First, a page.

Regular maintenance keeps your HVAC system in tip-top condition and can help prevent costly repairs in the future. A professional can also check for mold and allergens. This is very important if you have current tenants, as asthma, allergies or other chronic conditions could be further aggravated by poorly maintained ventilation systems. 

Check Your Attic and Basement

Check your attic and basement for unusual odors or any sign of wort and mold. Look for leaks, water damage, or discoloration. You may also want to check your sump pump to ensure it is working correctly and there is not any leakage in the pipes. These areas may also be prone to insect infestations, so keep an eye out for any signs of pests.

Check Smoke Alarms and Smoke Detectors

In some states it is a landlord’s responsibility to provide tenants with working smoke detectors as well as carbon monoxide detectors. Many landlords will put up smoke detectors, but then come up short in regards to their maintenance. 

Smoke alarms and smoke detectors often have guarantees that last up to 10 years. However, the batteries do need to be changed regularly. Moreover, once the guarantee expires, the landlord also needs to replace the old detectors with new ones. 

Some smoke detectors are too sensitive and can go off when there is no real danger. Fixing a sensitive smoke detector can be as easy as changing its placement or blowing air through its vent.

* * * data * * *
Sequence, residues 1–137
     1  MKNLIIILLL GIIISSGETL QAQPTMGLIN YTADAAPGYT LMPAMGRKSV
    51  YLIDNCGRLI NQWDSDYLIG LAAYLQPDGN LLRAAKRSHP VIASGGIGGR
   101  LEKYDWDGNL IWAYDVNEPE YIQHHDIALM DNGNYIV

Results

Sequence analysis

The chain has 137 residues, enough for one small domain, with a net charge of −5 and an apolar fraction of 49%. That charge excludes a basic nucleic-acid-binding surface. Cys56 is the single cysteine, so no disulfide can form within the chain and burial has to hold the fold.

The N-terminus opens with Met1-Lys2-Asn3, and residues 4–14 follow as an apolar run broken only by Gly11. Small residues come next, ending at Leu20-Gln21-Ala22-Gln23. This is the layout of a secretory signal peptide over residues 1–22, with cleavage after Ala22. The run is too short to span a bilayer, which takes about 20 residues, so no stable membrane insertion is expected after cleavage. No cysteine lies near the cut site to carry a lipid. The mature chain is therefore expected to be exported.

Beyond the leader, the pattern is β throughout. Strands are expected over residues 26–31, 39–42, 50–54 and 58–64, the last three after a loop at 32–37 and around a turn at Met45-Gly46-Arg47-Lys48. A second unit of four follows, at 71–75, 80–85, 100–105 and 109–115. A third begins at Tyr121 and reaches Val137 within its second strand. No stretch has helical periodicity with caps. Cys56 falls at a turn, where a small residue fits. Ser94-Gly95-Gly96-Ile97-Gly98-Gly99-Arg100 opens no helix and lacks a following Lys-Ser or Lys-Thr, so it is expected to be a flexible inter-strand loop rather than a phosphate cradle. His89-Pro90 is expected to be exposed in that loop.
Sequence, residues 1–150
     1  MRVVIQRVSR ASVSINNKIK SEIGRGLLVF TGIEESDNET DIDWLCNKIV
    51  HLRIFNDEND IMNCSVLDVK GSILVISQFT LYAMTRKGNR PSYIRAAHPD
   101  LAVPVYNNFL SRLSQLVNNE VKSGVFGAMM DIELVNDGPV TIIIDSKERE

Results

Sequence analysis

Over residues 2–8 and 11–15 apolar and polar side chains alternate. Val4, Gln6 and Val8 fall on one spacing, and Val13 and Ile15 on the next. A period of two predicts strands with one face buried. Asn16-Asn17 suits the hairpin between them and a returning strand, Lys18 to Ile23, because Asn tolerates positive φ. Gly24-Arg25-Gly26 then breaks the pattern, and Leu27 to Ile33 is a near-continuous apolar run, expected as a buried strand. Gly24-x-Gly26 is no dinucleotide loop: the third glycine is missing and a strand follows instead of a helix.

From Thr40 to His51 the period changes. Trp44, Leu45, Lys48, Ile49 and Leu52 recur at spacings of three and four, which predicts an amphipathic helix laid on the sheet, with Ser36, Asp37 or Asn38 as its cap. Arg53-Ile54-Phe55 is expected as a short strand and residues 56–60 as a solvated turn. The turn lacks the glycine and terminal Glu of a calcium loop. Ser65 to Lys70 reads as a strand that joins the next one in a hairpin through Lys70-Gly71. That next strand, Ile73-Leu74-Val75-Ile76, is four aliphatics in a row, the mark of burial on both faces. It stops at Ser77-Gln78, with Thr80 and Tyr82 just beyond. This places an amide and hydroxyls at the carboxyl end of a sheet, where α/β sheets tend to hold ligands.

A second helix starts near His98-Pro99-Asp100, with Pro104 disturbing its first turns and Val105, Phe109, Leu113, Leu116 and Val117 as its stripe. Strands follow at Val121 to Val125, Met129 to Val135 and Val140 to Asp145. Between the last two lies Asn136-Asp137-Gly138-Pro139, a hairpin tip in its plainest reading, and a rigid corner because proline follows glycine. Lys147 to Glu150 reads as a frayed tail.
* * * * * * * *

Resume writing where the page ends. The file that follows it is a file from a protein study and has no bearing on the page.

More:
Check for Mold

Not only can mold present a serious health hazard, but it can damage the walls, floors, and ceiling of your home. Mold tends to accumulate in places that are frequently exposed to water. This includes exposure to rain water in areas such as the garage or around windows, as well as water from indoor plumbing. Make sure to pay special attention to areas around evacuation pumps such as in laundry rooms or under the sinks in kitchens and bathrooms.

Doors and Windows 

A home always needs to be kept clean and tidy, as well as to be safe and secure. Verify that the locks and latches on all doors and windows, including in the garage, are functioning properly. A garage door that doesn’t close properly is a safety risk and an invitation to potential burglars.

If the garage door needs to be repaired or replaced, the upfront cost of a new garage door will be far less than the cost of a break-in down the line.

It’s worth it to run your hand along the edge seal of the windows to feel if any air is leaking in. If you feel air coming in, that’s when you’ll want to roll up your sleeves, take out your caulking gun, and get to work.  

Bonus Tip

It is important to establish and maintain good communication with your tenants. Let them know about any inspections and repairs you have done, as well as to ask them to keep an eye out for any potential problems, so that you can fix them before they require costly repairs.


Ben Franklin famously wrote “A stitch in time saves nine,” meaning that it’s best to stitch up a “problem” right away when you spot one, in order to avoid more complex repairs down the road. It was true nearly 300 years ago when Ben Franklin’s Poor Man’s Almanac was published, and it’s true now. 

Perhaps we could borrow from Ben Franklin and adapt the adage to make it fit a landlord - A repair in time saves nine. Or, better yet, - A spring repair saves fall despair.